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School buses may get spy cams
The new transportation director of the Lee County School District wants multiple cameras installed on every bus in the district's 685-vehicle fleet, and he plans to look for money to buy them.
Jack Shelton said Thursday that he'd like to put three digital cameras on each bus to record voices and actions of students and drivers.
"It's for the safety aspect," said Shelton, who came to Lee in September after having run Alachua County schools' busing system. "We use it as an additional tool for the drivers — anything we can do to help drivers keep their eyes on the road."
The cost? Between $1,000 and $1,500 per bus, which amounts to an estimated $685,000 to $1 million.
The district has 20 to 30 cameras that are circulated around the fleet, Shelton said. He does not know whether they've been used to settle disciplinary disputes in the past, but he said that in other districts, cameras have effectively helped in such cases.
Shelton said he'd like to find the money he needs in the district's budget or possibly pursue grants.
It's not unusual for school districts to seek electronic eyes and ears.
"They've been on for a while, but it would be safe to say in recent years there's been more of a push," said Ryan Gray, senior editor for the trade publication School Transportation News. "The school districts I've talked to do say it's helped with the discipline."
But that's not why mother Renee Bruske wants a camera system in place.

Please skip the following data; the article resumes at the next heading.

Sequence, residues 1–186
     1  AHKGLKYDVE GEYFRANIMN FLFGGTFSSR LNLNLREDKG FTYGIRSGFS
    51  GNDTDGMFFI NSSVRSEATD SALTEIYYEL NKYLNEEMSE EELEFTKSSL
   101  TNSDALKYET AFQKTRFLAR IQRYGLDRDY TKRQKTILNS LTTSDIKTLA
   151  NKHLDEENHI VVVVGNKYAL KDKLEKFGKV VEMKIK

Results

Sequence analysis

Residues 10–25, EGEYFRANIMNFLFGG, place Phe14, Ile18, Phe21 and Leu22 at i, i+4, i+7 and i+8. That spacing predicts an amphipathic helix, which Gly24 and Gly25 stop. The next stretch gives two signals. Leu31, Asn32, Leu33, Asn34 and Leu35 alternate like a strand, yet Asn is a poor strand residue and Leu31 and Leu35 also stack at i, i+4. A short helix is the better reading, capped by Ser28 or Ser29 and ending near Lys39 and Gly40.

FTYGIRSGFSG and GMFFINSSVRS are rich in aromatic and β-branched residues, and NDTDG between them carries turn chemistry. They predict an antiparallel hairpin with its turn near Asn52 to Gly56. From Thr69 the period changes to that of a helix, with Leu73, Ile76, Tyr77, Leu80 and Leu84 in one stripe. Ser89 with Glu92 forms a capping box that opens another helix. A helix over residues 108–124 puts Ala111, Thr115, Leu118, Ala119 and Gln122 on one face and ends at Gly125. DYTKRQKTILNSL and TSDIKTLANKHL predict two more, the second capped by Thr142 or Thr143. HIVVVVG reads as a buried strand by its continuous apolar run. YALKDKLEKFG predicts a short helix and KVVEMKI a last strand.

Bruske's daughter was involved in a bus incident on her way home from school Wednesday. She says the driver snatched her daughter Rebecca's $400 digital camera and put it up on the dashboard. The camera toppled over when the bus started moving, and Rebecca went to pick it up, Bruske said. The driver allegedly shoved the student out of the way.
Another mother, Deanna Casalino, said her son recorded much of the incident with his camera phone, which also was confiscated. District officials said Wednesday they took the phone both as evidence and because students aren't allowed to use phones on school property, which includes buses.
District officials are investigating the incident and said that there have been several disciplinary problems on that bus in the past.
Bruske said she thinks cameras should be on the buses. She wants to know what incited the driver's alleged actions and wants to see what happened to her daughter and the camera.
Elsewhere, though, parental viewing has posed legal problems. Gray, the school magazine editor, said judges in some states have ruled that recordings are not part of a student's record, and therefore, parents don't have the right to watch them.
Bus attendant Jackie Harrison isn't so sure cameras are necessary. She said she has been riding the buses for only a few months, but said so far, drivers seem in control and compassionate toward students.
"I can only speak for the ones I rode on. The ones I rode on, they do everything in decent order. They don't hassle the kids. They treat them good," Harrison said.
"I just feel like they're not appreciated."
Bob Rushlow, president of the union that represents Lee school bus drivers, said he'd be willing to discuss the use of more cameras on buses, though he's leery about video being used to discipline drivers.
But he doesn't mind the tables being turned: Rushlow and bus drivers have complained for years that behavioral issues on the buses don't get the support and attention of school administrators.
"If that will help to assist the bus operators to prove we have unruly children on the buses, we'll look at that. We're open-minded to that," Rushlow said.
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